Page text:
Breaking Down Fish Oil: DHA and EPA
Fish oils have become a very popular supplement in today’s society with many people choosing to add it to their daily vitamin routine. With so many people buying fish oil, the real question comes down to is it beneficial and do I really need it? The answer to this question isn’t a simple yes or no as there are so many factors that play into it. Fish Oil supplements contain Omega 3 fatty acids which are considered an essential nutrient. This means that majority needs to come from our diet as our bodies don’t produce enough for to meet our daily requirements. Typically diets need to include foods such as fish, dark leafy vegetables, vegetables oils and certain oily nuts, which are all good sources of omega 3, to reach our daily allowance. The main reason why we aren’t reaching our omega 3daily recommended allowance is because of the standard North American diet. Many of the foods we eat are high is Omega 6 fatty acids but low in Omega 3 fatty acids such as fast food, packaged foods and oils. Unfortunately, there is no conversion between Omega 3 and Omega 6, but that’s a whole other story.
Breaking Down Omega 3
Let’s take a close look at Omega 3. Omega 3 can be broken down into three molecules: Alpha-linolenic acid (ALA), eicosapentaenoic acid (EPA), and docosahexaenoic acid (DHA). Each plays a different but significant role in the body and can be used to target health concerns. ALA naturally converts to EPA and DHA in the body but in very small amounts.
EPA is the best omega 3 fatty acid for the reduction of cellular inflammation. It reduces inflammation by inhibiting the enzyme that produces arachidonic acid, found in the production of pro-inflammatory eicosanoids. Arachidonic acid (an Omega-6 fatty acid) is converted to pro-inflammatory markers which cause local and systemic inflammation. To further reduce inflammation, EPA competes with arachidonic acid for the enzyme phospholipase A2 preventing the release of arachidonic acid from phospholipid membranes. When it comes to inflammation, there are times when it is beneficial such as after an injury. Inflammatory markers help bring more nutrients to the area and increase healing. Too much inflammation or systemic inflammation is bad for the body as it causes damage to healthy tissue.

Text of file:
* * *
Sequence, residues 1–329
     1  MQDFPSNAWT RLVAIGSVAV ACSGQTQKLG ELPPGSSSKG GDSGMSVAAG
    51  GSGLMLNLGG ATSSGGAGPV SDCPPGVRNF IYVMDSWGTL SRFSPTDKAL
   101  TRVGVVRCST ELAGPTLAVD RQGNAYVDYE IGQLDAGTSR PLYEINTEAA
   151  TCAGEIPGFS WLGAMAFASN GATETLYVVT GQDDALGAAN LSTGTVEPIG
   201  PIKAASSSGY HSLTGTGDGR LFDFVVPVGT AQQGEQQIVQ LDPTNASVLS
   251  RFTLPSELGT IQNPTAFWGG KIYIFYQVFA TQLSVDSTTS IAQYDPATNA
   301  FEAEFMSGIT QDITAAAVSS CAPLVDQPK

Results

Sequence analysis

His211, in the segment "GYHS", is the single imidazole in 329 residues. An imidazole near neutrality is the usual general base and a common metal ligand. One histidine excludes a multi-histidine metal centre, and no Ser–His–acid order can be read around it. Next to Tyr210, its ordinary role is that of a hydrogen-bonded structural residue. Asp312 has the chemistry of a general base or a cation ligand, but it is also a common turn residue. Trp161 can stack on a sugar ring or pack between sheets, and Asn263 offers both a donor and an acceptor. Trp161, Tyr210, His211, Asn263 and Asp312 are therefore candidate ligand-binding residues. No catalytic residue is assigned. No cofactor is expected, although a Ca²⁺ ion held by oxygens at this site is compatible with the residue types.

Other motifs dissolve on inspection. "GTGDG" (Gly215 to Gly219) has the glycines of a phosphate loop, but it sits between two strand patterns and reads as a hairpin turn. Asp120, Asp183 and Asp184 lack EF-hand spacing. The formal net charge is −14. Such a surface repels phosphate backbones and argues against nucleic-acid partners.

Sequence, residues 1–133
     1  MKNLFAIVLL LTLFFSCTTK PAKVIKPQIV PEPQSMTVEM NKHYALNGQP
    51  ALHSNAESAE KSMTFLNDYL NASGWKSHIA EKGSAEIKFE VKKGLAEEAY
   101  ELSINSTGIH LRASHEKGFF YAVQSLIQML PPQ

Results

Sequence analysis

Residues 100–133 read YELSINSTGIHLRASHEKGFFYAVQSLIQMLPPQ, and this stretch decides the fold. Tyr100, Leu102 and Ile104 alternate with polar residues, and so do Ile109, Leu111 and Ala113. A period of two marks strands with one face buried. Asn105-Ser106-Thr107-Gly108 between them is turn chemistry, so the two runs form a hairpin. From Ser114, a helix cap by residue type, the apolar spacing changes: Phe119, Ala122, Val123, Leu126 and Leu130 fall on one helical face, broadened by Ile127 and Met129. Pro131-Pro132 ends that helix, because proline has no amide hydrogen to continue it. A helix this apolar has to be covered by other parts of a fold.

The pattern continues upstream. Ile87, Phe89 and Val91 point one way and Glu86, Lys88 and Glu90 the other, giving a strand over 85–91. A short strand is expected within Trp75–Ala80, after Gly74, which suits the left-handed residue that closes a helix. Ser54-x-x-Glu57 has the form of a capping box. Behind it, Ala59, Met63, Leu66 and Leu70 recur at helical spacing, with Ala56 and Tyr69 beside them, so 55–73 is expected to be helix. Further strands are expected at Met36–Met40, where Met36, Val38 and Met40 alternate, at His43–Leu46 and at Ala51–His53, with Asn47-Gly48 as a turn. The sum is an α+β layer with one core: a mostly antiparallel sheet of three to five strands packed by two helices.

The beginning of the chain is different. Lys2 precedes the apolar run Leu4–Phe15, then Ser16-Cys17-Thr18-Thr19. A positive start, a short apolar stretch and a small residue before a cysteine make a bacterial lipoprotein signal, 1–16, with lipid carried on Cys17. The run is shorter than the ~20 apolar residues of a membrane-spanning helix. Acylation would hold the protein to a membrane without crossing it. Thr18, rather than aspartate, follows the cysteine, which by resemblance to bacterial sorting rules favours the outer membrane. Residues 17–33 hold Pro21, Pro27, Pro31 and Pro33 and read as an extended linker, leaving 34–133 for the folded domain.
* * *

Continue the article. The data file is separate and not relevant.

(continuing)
DHA doesn’t have the same anti-inflammatory effect as EPA. Instead, it plays a greater role in the development and function of the brain, central nervous system, and even the eyes. Blood vessels also see a health benefit from DHA as it helps to increase the size of LDL (the bad cholesterol), decreasing its ability to gain access into vessel muscle cells. With less LDL accessing cells there is a large reduction in the likely hood of developing fatty vessels which can lead to atherosclerosis and heart disease.
Health Benefits of Fatty Acids
- Increased cardiovascular health
- Blood sugar level stabilization
- Joint lubrication
- Skin benefits, improved appearance
- Reducing inflammation and pain reduction
- Cholesterol balance and triglyceride reduction
- Improving mood and preventing depression
- Increasing cognitive function
- Increased immunity
- Reducing ADHD in children
By taking fish oil supplements we can get reach higher doses that would otherwise be difficult with diet alone and treat specific health concerns. If you or someone you know is concerned with their heart health, joints, cognitive function or want to learn more about which fish oils, book in for a free consult with Dr. Hatton. As always, this post is not designed to diagnose or treat you, but instead to give you something to think about. Please book a consult with a naturopathic physician prior to changing, starting, or stopping medications or protocols.
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Silvers KM, Woolley CC, Hamilton FC et al. Randomised double-blind placebo-controlled trial of fish oil in the treatment of depression. Prostaglandins Leukot Essent Fatty Acids. 2005;72:211-8.Book an Appointment